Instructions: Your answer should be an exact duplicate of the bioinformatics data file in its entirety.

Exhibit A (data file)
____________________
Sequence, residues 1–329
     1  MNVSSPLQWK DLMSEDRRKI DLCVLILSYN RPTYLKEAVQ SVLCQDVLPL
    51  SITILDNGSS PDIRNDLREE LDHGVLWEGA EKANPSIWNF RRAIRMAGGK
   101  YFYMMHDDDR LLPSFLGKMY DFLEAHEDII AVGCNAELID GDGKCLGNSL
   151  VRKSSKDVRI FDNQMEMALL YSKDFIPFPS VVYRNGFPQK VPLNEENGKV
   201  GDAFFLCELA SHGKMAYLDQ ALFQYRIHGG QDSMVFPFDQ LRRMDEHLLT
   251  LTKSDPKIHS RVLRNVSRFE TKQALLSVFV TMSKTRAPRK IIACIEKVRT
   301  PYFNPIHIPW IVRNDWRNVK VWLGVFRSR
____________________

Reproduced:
Sequence, residues 1–329
     1  MNVSSPLQWK DLMSEDRRKI DLCVLILSYN RPTYLKEAVQ SVLCQDVLPL
    51  SITILDNGSS PDIRNDLREE LDHGVLWEGA EKANPSIWNF RRAIRMAGGK
   101  YFYMMHDDDR LLPSFLGKMY DFLEAHEDII AVGCNAELID GDGKCLGNSL
   151  VRKSSKDVRI FDNQMEMALL YSKDFIPFPS VVYRNGFPQK VPLNEENGKV
   201  GDAFFLCELA SHGKMAYLDQ ALFQYRIHGG QDSMVFPFDQ LRRMDEHLLT
   251  LTKSDPKIHS RVLRNVSRFE TKQALLSVFV TMSKTRAPRK IIACIEKVRT
   301  PYFNPIHIPW IVRNDWRNVK VWLGVFRSR